Again, it won’t be perfect. You never know how it’s going to be used 10 years down the road once someone gets access to all the weights and stuff. But it is possible to study and get some sort of insight. And I think one of the nice things about staged release is if you start doing the staged release process and you realize that at each iterative step you are having to put in a bunch of safety filters, for example, to prevent people from doing really shady stuff, that’s probably a good indication that it’s not ready to be open sourced in its current form, because those are safety filters that will just immediately be reversed once open sourced. So I think you can learn a lot from that.
So I think that’s one way you can open source safely: find ways to actually study what the effects are before you open source, because that decision to open source is irreversible. And then I think the technical challenge of, are there ways we can have backstops, that we can technically build in irreversible, irremovable filters or watermarks or even just hardware challenges that we could implement - I think [those are] really interesting technical questions that I don’t know enough about, but… Go for it. That’d be a great world.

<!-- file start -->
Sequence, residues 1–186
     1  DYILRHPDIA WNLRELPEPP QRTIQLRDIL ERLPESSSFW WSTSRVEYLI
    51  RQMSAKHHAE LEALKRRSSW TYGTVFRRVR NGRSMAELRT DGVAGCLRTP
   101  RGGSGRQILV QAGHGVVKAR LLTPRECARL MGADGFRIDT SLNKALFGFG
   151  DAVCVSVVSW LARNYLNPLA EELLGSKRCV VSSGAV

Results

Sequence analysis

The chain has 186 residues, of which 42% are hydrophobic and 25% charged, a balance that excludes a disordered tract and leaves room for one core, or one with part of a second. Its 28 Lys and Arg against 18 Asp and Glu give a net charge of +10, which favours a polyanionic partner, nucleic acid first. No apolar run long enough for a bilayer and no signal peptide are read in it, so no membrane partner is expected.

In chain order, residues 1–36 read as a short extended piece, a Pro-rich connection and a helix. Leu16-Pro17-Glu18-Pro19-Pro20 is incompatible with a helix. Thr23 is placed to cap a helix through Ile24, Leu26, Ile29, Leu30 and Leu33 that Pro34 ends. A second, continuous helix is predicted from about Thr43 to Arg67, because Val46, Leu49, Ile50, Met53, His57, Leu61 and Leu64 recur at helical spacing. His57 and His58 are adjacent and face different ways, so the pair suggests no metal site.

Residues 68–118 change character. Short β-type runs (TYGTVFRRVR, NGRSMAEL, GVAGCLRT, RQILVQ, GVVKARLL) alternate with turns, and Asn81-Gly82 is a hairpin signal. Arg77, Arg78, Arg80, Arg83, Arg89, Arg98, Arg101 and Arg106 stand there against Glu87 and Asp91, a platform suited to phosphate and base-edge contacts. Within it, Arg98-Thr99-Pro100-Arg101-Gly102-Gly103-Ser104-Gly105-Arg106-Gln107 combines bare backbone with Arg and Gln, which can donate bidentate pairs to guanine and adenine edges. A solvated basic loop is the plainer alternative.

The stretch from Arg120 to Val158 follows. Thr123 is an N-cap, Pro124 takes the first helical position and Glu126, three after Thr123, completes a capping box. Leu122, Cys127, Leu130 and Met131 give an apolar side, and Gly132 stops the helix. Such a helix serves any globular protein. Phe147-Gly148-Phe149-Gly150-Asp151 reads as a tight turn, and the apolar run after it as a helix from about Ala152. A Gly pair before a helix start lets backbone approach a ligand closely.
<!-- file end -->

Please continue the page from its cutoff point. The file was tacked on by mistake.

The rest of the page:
Daniel Filan: Yeah. If listeners are interested, this gets into some territory that I talked about with Scott Aaronson earlier this year. Yeah, I think the classic difficulties, at least say for watermarking… I read one paper that claims to be able to bake the watermark into the weights of the model. To be honest, I didn’t actually understand how that works.
Elizabeth Seger: I think it has to do with how the model’s trained. So the way I understand it is if you have a dataset of images that all have a watermark in that dataset, not watermark in the sense like you see on a $1 bill, but weird pixel stuff that the human eye can’t see. If all the images in the training dataset have that watermark, then all of the images it produces will have that watermark. In that case, it’s baked into the system because of how it was trained. So the only way to get rid of that watermark would be to retrain the system on images that don’t contain the watermark.
Daniel Filan: Yeah, that’s one possibility. So that’s going to be a lot rougher for applying to text models, of course, if you want to just train on the whole internet. I think I saw something that claimed to work even on cases where the dataset did not all have the watermark, but I didn’t really understand how it worked. But at any rate, the key issue with these sort of watermarking methods is as long as there’s one model that can basically paraphrase that does not have watermarking, then you can just take your watermark thing and basically launder it and get something that - if your paraphrasing model is good enough, you can create something that looks basically similar, it doesn’t have the watermark, and then it’s sad news. Yeah. And then-